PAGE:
Monon Station Eyed as Future Economic Development Tool
It doesn’t look like much now but when Bedford’s Monon Station was built in 1926, it was a major player in shipping giant blocks of Indiana limestone across the country, ultimately growing Bedford into the limestone capital of the world.
The building now sits vacant and dilapidated and was included by Indiana Landmarks on its 2020 10 Most Endangered list. But officials in Lawrence County think the historic structure could bring additional economic development to the city’s downtown.
“This building really represents the heyday of Indiana’s limestone production and freight transportation,” said Greg Sekula with Indiana Landmarks. “It’s an important part of the history of the community, the history of Indiana, and really the history of limestone in the United States.”
Indiana limestone in and around Bedford is some of the finest in the country and even the world. A lot of the limestone from Empire Quarry in Bedford was used to build the Empire State Building and the Pentagon.
“We’ve got buildings that are famous throughout the world that were constructed of Indiana limestone. How many freight depots, passenger depots in Indiana, let alone in the country, are build of limestone and have a tile roof? For a building that was pretty much utilitarian structure, the beauty here is just remarkable.”
The building also doubled as a passenger station for the Monon Railroad.
“It was the main line in and out of Bedford for probably 50-75 years,” said Lawrence County historian Rob Bell. “Anybody that wanted to go to Chicago, this was the easy place to get on and take them right to downtown Chicago. Or if they wanted to go south to Louisville, it was the other way on the route. It was a main conduit when roads weren’t very good of getting to where the major cities were.”
Indiana Trails President Richard Vonnegut says he wants to he see Monon Station used as a connector to major cities again, only this time by bicycle.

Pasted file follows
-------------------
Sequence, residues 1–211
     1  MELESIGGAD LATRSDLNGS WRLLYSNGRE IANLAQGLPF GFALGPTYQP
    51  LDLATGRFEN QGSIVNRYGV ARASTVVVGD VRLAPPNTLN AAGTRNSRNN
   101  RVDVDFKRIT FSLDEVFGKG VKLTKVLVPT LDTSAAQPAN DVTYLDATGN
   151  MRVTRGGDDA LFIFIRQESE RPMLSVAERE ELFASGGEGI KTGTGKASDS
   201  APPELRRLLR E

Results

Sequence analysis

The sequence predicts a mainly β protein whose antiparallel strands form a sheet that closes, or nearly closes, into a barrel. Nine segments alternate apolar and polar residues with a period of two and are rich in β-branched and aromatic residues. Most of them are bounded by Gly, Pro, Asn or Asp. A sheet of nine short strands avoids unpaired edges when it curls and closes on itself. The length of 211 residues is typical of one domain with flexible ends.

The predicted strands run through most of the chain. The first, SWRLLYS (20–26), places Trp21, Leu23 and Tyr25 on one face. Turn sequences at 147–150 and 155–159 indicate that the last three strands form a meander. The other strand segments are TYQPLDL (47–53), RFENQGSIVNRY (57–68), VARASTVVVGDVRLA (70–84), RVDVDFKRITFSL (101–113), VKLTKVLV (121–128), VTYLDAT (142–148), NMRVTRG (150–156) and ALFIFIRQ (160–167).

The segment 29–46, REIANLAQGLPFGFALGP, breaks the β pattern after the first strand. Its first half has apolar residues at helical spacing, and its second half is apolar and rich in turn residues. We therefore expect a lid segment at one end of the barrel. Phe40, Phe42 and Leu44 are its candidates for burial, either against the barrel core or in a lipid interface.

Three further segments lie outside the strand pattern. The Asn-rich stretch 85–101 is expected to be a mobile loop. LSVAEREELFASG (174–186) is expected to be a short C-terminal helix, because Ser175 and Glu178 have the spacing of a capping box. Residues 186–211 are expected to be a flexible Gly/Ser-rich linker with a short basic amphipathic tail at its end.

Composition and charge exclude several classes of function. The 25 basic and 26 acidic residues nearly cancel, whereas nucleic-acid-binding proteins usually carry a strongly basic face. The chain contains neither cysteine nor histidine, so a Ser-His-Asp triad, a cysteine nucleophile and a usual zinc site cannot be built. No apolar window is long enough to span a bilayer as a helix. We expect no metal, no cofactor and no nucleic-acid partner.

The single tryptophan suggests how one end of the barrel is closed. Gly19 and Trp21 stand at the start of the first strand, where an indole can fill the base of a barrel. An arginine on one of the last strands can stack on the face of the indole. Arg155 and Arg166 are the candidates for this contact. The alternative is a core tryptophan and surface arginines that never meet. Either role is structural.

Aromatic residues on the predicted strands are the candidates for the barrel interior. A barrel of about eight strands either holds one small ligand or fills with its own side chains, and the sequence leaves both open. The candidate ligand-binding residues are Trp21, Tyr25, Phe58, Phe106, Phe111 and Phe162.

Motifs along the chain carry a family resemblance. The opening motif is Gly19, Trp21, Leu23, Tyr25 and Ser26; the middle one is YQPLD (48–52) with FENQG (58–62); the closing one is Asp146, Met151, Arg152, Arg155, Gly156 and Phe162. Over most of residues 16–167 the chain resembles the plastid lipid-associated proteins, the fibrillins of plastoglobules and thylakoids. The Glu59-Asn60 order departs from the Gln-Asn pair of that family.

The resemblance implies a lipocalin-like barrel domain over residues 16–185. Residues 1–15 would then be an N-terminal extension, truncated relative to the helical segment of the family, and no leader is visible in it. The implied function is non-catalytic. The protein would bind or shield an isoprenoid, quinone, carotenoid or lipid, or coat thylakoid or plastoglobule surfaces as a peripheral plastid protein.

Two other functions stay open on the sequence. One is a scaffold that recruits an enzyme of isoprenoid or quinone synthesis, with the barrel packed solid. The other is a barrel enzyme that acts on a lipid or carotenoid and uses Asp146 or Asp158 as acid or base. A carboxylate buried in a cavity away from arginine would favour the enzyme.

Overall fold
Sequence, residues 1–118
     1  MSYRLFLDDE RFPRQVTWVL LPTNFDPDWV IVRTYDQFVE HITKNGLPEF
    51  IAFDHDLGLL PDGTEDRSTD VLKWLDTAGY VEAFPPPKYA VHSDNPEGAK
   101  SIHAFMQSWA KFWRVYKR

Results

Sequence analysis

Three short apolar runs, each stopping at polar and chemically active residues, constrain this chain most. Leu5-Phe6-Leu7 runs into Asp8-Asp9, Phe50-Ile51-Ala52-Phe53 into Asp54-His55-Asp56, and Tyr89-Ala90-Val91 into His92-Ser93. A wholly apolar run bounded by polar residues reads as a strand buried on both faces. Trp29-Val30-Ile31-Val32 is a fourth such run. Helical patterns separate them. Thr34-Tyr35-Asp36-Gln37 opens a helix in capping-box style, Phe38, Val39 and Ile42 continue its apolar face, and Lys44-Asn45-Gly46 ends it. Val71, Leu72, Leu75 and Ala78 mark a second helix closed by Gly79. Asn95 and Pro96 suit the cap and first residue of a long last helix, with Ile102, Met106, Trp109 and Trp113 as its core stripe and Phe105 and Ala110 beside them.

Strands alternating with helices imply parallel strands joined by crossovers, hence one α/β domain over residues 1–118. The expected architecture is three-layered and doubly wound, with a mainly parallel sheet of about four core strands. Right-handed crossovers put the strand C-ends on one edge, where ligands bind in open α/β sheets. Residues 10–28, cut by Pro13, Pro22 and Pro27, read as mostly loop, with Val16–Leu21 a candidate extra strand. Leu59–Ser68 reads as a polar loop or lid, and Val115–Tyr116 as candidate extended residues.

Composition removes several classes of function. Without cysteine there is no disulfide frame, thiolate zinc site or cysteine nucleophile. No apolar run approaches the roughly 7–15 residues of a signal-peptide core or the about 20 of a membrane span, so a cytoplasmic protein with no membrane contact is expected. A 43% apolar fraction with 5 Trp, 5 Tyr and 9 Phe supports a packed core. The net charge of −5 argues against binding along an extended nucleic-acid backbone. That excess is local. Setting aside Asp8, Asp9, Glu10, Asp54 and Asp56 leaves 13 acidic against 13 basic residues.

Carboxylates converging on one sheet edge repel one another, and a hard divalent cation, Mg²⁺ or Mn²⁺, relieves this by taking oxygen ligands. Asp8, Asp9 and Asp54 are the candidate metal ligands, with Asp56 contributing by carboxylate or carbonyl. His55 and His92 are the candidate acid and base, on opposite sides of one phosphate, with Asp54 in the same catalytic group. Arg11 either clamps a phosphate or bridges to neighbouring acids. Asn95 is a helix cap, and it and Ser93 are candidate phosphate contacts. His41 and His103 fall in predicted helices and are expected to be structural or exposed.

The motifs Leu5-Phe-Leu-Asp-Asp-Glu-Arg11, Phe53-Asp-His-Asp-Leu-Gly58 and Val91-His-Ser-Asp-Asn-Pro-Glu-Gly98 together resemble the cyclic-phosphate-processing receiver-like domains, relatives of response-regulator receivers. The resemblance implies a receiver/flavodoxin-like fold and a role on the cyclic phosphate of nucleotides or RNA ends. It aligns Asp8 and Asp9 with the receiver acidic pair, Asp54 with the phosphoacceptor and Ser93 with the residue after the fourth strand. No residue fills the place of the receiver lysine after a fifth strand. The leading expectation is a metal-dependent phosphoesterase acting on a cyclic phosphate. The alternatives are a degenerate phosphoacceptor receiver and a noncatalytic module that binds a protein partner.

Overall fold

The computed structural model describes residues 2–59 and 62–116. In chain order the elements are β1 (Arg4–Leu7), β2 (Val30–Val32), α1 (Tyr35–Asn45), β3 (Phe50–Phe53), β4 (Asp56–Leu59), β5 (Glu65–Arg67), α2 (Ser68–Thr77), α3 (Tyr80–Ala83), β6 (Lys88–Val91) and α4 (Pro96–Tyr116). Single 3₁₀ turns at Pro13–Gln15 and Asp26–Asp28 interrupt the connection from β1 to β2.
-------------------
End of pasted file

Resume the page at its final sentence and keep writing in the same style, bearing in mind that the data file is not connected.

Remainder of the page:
“What I’d like to do is see this as being an area that would be attractive to hikers and bicyclists from far away, bring a national bicycle route through Bedford and build a walkway from the station here over to where the Milwaukee is.”
The “Milwaukee” he refers to is the Milwaukee Road Transportation Trailway, a crushed limestone path that starts near downtown Bedford and will eventually stretch 20 miles through southwestern Indiana, which makes repurposing the historic Monon Station an ideal economic development project for Lawrence County.
“Being able to attach to the trail and make the building activated with something going on inside, the statistics show that people who are on foot or on bike tend to spend more money when they go by places,” said Shance Sizemore, chief executive officer of the Lawrence County Economic Growth Council.
Sekula says figuring out an adaptive reuse of the building and combining it with interest in the trail systems in the community, the Monon Station could become a center of activity that could drive further economic development and redevelopment in downtown Bedford.
“This is one of the great limestone buildings of Indiana and for that reason, we very much want to see it stay here.”